When asked Wednesday how involved he was in his players’ academics, North Carolina coach Larry Fedora said he was only focused on his next opponent.
Ceramic artist Cynthia Aldrich opens up one of her kitchen cabinets and handles several coffee cups made by local potters. She matches each cup with its maker, and among the names are Deb Harris, Dorothy Davis and others. All are artists whose work she admires, and on her artist website, Aldrich says drinking coffee from the mugs is like “breakfasting with friends.”
“GameDay” goes to East Chapel Hill High School, where first-year football coach Mike Holderman is working through serious growing pains. Herald-Sun photographer Christine Nguyen has the view from the Wildcats practice field, and sports writer John McCann has the story.
A man involved in a running feud with the Durham County Sheriff's Office and judicial officials has asked that District Attorney Roger Echols be removed from office.
Anita Woodley compares the process of writing her new one-woman show to channeling. Woodley has been listening to tapes of African-American men who participated in focus groups to discuss their experiences with medical issues. The people in the tapes are anonymous, but Woodley has given their stories faces and names like “B.B. Blues” and “Conscious Rap” in her show “Bucking the Medical and Mental Bull,” which she will premiere Tuesday at the Carolina Theatre.
Get a spooky jump on Halloween when A Night of Local Horror brings local short horror films to the screen on Tuesday night at Motorco Music Hall. Eight films will be shown, including film festival winners and premieres.
Sharon Van Etten, along with Tiny Ruins, will perform at 9 p.m. today at Cat's Cradle, 300 E. Main St. in Carrboro. For tickets, call 919-967-9053 or visit www.catscradle.com.
A system of “paper classes” in UNC’s Department of African and Afro-American Studies became an eligibility prop for more than just some of the university’s athletes, a former federal prosecutor’s report says.
The classes also became popular with campus fraternities, which “had an incentive to direct their members to” them so they could more easily secure the aggregate grade-point average required to retain official campus recognition, investigator Kenneth Wainstein and his team said.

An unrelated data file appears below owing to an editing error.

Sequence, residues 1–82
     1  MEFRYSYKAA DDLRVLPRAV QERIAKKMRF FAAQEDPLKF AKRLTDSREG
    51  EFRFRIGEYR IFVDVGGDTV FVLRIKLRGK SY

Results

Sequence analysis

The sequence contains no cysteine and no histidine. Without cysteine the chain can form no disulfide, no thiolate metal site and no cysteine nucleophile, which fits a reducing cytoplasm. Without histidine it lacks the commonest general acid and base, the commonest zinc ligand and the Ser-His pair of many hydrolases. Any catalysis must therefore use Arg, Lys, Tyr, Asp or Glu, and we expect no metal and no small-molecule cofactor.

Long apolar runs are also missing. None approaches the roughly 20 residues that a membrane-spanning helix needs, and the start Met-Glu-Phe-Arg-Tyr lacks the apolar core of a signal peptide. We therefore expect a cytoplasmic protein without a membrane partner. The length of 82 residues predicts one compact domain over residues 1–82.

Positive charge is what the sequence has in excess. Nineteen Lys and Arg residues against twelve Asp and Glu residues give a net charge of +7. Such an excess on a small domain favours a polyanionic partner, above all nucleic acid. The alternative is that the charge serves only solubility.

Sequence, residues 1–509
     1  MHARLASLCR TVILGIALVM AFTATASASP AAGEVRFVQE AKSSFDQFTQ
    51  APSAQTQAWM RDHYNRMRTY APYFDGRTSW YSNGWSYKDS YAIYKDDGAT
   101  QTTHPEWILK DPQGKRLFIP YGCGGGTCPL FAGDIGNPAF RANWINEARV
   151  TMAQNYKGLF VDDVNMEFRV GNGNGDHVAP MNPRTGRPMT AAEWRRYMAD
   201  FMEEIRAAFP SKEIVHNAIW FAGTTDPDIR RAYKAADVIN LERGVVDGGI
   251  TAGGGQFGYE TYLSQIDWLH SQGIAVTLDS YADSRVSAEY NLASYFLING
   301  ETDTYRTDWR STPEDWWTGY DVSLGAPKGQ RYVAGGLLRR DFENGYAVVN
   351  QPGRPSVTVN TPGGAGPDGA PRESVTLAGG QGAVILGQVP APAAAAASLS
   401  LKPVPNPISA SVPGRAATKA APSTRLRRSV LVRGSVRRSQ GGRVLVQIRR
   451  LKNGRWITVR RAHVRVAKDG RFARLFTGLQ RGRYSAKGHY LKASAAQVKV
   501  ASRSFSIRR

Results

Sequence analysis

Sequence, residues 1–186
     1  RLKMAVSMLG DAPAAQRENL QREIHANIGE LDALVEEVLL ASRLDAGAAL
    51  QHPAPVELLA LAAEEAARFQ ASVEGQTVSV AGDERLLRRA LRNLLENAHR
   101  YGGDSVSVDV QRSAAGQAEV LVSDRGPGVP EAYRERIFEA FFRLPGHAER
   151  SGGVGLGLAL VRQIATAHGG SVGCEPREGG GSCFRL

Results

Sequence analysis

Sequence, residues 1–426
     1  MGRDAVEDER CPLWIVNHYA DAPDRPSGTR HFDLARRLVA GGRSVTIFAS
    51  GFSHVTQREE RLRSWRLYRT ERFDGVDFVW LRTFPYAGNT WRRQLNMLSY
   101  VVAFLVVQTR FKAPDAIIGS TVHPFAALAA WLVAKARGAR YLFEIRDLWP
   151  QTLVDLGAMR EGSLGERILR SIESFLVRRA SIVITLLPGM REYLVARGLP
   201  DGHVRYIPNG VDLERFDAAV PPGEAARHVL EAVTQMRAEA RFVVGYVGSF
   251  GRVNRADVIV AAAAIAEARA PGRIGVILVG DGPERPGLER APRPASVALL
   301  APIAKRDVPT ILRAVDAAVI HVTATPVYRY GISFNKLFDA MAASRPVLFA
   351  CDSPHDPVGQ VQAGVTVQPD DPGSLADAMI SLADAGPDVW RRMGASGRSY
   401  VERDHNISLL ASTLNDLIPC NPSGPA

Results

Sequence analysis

With the release of Kenneth Wainstein’s report detailing the paper class system in the UNC Chapel Hill Department of African and Afro-American Studies, the academic side of campus can begin the process of moving on.
But there will be no such closure for the athletic side, which is in the midst of an NCAA investigation and now must deal with the unsettling reality of how responsible UNC’s athletic advising staff was for pushing athletes to the fraudulent courses.
After 24 years on Pickett Road, The Herald-Sun will be moving to a new space this winter.
The newspaper will be moving to 1530 N. Gregson St., into the same building as a BB&T bank branch. It is across Gregson Street from Northgate Mall.
Michael John Ratty of Chapel Hill has been identified as the man killed in Wednesday’s Durham County plane crash.
The exoneration of two half-brothers who falsely admitted to murdering an 11-year-old girl shows that confessions aren't always true, according to an attorney for one of the men.
With the Nov. 4 Election Day just weeks away, residents of Durham County can begin voting Thursday at four locations in the county.
Local clergy and community members have organized a “Souls to the Polls” event Sunday in Durham, the only Sunday during the shortened early voting period this year. Election Day is Nov. 4. “Souls to the Polls” is the term used in previous years when church groups went to vote together on Sundays. The N.C. General Assembly passed legislation that changed the early voting time frame, which is today through Nov. 1 this year.
A Chapel Hill man as been identified as the man killed in yesterday's Durham County plane crash.